Holding on to anger is like grasping a hot coal with the intent of throwing it at someone else; you are the one getting burned.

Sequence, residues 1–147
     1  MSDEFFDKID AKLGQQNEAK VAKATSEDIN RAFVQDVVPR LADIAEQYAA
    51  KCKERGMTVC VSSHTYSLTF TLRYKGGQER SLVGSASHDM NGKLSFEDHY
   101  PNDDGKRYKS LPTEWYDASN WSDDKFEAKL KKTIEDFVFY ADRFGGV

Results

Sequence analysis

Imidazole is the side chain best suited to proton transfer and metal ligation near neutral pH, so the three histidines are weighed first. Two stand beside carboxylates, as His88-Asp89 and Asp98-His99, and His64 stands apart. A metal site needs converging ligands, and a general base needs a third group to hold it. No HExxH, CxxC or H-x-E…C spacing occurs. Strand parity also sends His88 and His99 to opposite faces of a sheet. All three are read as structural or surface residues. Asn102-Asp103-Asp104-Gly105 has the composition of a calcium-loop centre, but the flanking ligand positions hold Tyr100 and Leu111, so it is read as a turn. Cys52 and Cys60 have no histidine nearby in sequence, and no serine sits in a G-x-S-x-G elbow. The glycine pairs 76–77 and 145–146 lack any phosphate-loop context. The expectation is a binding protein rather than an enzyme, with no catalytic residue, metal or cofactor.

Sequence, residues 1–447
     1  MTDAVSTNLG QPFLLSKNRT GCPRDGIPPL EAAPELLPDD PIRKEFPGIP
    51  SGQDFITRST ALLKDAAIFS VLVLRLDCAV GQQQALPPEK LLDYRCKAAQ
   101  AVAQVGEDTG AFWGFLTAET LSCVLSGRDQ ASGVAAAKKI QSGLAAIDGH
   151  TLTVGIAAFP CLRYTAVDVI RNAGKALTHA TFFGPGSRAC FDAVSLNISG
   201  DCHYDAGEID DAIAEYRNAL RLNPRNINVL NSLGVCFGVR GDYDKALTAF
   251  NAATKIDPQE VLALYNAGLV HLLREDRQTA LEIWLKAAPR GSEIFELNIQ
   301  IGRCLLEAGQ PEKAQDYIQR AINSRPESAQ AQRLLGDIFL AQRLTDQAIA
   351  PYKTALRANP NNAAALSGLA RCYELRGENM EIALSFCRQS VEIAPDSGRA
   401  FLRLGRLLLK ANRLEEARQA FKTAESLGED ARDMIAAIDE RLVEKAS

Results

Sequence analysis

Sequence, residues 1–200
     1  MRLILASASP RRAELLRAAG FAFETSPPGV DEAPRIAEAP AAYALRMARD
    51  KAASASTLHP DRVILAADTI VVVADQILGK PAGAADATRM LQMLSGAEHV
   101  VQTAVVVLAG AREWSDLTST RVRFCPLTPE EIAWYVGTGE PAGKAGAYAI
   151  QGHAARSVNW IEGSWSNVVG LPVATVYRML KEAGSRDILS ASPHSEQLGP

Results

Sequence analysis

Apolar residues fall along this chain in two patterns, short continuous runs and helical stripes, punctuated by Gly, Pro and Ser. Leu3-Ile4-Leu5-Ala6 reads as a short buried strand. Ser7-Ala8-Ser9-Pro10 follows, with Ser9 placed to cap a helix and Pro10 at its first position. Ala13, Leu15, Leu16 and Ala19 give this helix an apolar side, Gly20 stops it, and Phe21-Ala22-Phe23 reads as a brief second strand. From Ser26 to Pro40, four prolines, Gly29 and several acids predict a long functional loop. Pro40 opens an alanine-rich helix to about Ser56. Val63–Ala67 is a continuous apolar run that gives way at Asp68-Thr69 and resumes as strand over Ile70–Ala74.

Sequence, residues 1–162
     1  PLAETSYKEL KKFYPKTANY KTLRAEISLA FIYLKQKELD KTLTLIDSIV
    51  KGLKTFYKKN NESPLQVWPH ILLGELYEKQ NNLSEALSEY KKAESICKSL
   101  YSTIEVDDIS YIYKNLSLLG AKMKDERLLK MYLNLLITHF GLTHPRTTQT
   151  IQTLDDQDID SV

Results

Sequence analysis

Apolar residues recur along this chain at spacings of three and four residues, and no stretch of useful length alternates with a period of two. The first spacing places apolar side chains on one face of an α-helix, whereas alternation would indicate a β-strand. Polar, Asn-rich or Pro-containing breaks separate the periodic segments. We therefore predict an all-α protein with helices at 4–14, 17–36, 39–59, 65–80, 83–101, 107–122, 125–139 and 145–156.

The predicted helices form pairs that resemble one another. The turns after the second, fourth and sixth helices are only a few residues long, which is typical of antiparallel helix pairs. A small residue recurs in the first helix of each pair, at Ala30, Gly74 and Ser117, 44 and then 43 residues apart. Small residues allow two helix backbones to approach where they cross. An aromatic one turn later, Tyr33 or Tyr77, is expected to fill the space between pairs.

Rehabilitation is supposed to be a time of healing, of learning a new way of life. I wish I could say my experience was all sunshine and rainbows, but it was not, not even close. My denial was already thick, but soon it would become cemented, a permanent way of life. The rage and anger and frustration overpowered until almost becoming fatal. I shut down so immensely during rehabilitation, so deeply, returning from this numb state seemed painful and entirely too maddening. It was far easier to remain detached than to relive my darkness and my sadness. When I arrived at the rehab hospital, I could feel the ambulance pulling up the long hill and turning into the entrance. I knew this road and this entrance, I used to dance for the patients at this hospital. I felt my eyes sting and my lips quiver, knowing, just a few years ago, I was running through these same sliding doors ready to perform. And now, I would now enter, flat on my back and on a stretcher. Orderlies and EMTs quickly pushed my stretcher through the hallways, past the nurses station, and eventually entered a large, lonely room. As we whizzed through the hallways, I peeked in the rooms to catch a glimpse of fellow patients. Everyone was in bed and watching television. I heard breathing machines and the Golden Girls chattering about cheesecake in the background. Several nurses and a few orderlies lifted me into my new hospital bed. I looked around and saw the same white, grey, and mauve color scheme. I have no idea why hospitals choose this color combination, it is really nauseating. I was surrounded by blood pressure machines and monitors, something I was quickly becoming accustomed to. Nurses started asking questions and pulling back blankets and sheets and checking my legs and arms and IVs and anything and everything they could check. I continued to smile. Inside, I was hysterically crying and yelling. I was screaming shut up, shut up, all of you just shut up. I was pounding the bed and sitting up and ripping off my blankets and IVs, pulling the gown over my backside and saying peace out, catching a cab and heading home. I was trapped. A feeling I was beginning to loathe. I knew I was still inside, I knew just a few short weeks ago I was buzzing around and asking questions without thinking how I was affecting someone else. I too was walking and taking every step and every motion of my job for granted. But, no one seemed to notice this or care. I was now broken and damaged and easy to ignore. I expected so much compassion from the doctors and nurses at this hospital. The hospital I just left was filled with understanding and loving doctors, nurses, and staff. I thought rehab would be overflowing with fighting angels rooting me on and encouraging me the entire time. My new doctor entered the room and she was aloof and cold. She shook my hand and started her examination immediately. Abruptly, she rolled me on my side and started performing what I would equate to torture. She decided my chest tube sight was too much and the surgeon who bandaged it was typical in his over-zealous bandaging. I am now an over-zealous bandager...it is wise and helps prevent infection. The new doctor dug her ice cold acrylic nails into my side and lifted the edge of the sealed tape. She ripped the tape as if a human with nerves and skin was not attached to it. And she didn't tear in tiny little sections, no she grabbed large chunks at a time and tore vigorously. I gripped the handrail so hard my hand was bruised. Hot tears streamed down my cheeks and I clenched my jaw in anger, pain and humiliation. Her response to my tears was that it wasn't that bad. She didn't care that it hurt me, I was a patient now, a prisoner. I needed assistance with almost everything. My new life was becoming degrading. She left and a new nurse came in and helped me prepare for bed. I didn't want to talk to anyone. She shut the huge, wooden door and I turned my head and wept. I looked out the window and felt the wicked and impending loss of freedom. I couldn't even get out of the bed alone, much less down the sidewalk and into a cab. Morning came and so did a new and demanding therapy schedule. I started gaining strength and shreds of confidence and meeting therapists and nurses who actually cared and empathized. I still felt defeated, but it was defeat speckled with tiny bits of hope. Some moments were awful and some were incredible. I was beginning to feel less and less trapped. As a sign that I was returning, I was constantly begging for a shower. I was not able to take one yet for some reason. Sponge baths were my only option. The whole process makes me dizzy and want to faint if I think about it. I hated those baths in a plastic tub so incredibly much. One evening, two nurses came into my room. Again, I should have listened to my gut who was telling me how odd it was for nurses to come in at ten o'clock in the evening. I am still honing this skill of listening to my gut, but I am a far cry from this day, I promise. Nevertheless, I ignored my butterflies and entertained their question and idea. They entered wheeling a large, rubber stretcher. The sides were able to come up, creating a bathtub on wheels. The one female and one male nurse asked me if I wanted to go into the shower room using the stretcher. The female seemed irritated and flustered. I jumped at the idea and quickly gave a definitive answer. I actually remember feeling lucky. Feeling like things were starting to turn around, turn a corner for me. I requested all of my special smelling body washes and soap and shampoo. This was going to be a great shower. But, as I was showering and the nurses were helping me, I felt incredibly uncomfortable and uneasy. I was so grateful for the shower and encouraged by their generosity I ended up writing the feeling off as modesty and an inability to one more time accept and deal with the hard things about my new life. I needed help bathing for now and just thought it was something I needed to accept. It wouldn't be like this forever, but I just had to get through it. Two nights later the same male nurse entered the room with the same bathing stretcher. But, this time, he was alone. Yet another red flag I ignored. I stupidly jumped at the chance for another shower. Only this time, it was worse. I knew something was wrong. I knew he was not helping me for the right reasons and was taking advantage of the situation, I knew it, I could see it, and I was sickened. I asked him to step away, finished my shower and returned to the bed, requesting a female nurse to help me with the rest of the process. I fell asleep crying and shaking with fear and humiliation, yet again. Two nights later the same male nurse came into my room and this time I told him to leave. He did. In fact, I never saw him again. And I sent the memory right out the door with him. I did not want to think about it again. I carried a part of it deep, down inside and it eventually grew and grew. Years later, as I was lying sick and alone in my bed and crying and screaming with the same feelings of confinement, wondering why I was so angry and so depressed, I remembered these moments, these incredibly dark stains on my journey to a new life. I thought of all of the dark stains and awakened to the idea they were the obstacles to my healing. Sure the infection was aggressively doing its part, but anger and resentment were doing their fair share. Releasing these moments and forgiving these people were necessary to my healing process. Understanding and using the courage and the strength to fight through the wretched stains is what matters, not the stain. Yes, people failed me. Many professionals failed me and I allowed the hurt and the shame to fester and smolder, until they were finally taking my life. I expected and longed to be rescued and only assumed in a matter of time, that doctor or that nurse or that therapist would come along and make all of the pain and hurt go away. She would take charge of my life and fix all of the wrongs and clean up all of the messes. I waited and waited and became more and more enraged as I realized this person, this figment of my imagination, this person I saw in the movies that took the patient under her wings and healed her was never going to show up. She wasn't showing up and I assumed it was because she didn't exist. Twelve years later, I know why this figment, this person, this savior was so out of reach while also so close and so tangible. I know why I could see her in my mind, rescuing me from the cruel doctors and finding kind and caring doctors and nurses who work late hours on my behalf. I know why I could see her telling that hideous, old, sad man to run and hide because she was going to yell and scream and tell everyone to stay away from him. I know why I could see her lifting my body and propelling my wheelchair with her sinewy arms and not this weak and broken and sick body. And I know why I could see her stand up and not take no or a misdiagnosis for an answer. I know because she is me. I was there all along. I took the fiery ball of anger and doused it with tears of forgiveness, healing, and compassion and finally saw that I am able and strong and tough and brave. I am the rescuer, I am the one I was waiting for all along. Rehabilitation taught me how to physically deal with the changes to my body. It did not teach me how to find myself amongst the ruins. I did that. I picked up the pieces one at a time and started to form a new and better life. I truly rehabilitated myself and discovered a life filled with compassion, understanding, and love and enough of each of them to know these people, these people hired to help me, knew not what they did, they were acting out of their own anger, their own personal demons. Anger is malicious and relentless. It causes wars, rape, abuse, humiliation, and scars lasting a lifetime. If we fail to find that part of us that loves and forgives, we too fall prey to anger's wrath. I ask God, or whomever you may call it, to show these people who stained my journey their own power, their own force residing deep down inside and longing to be awakened. The force that begs to extend love and urges the desire to begin to change lives for the good. I plead for each one of them to find it. It is all I can do. It is what we are called and asked to do. It is what we are required to extend to all souls, all living creatures, it is why we are here, to love and to forgive everyone...everyone. Understanding this is true healing and rehabilitation.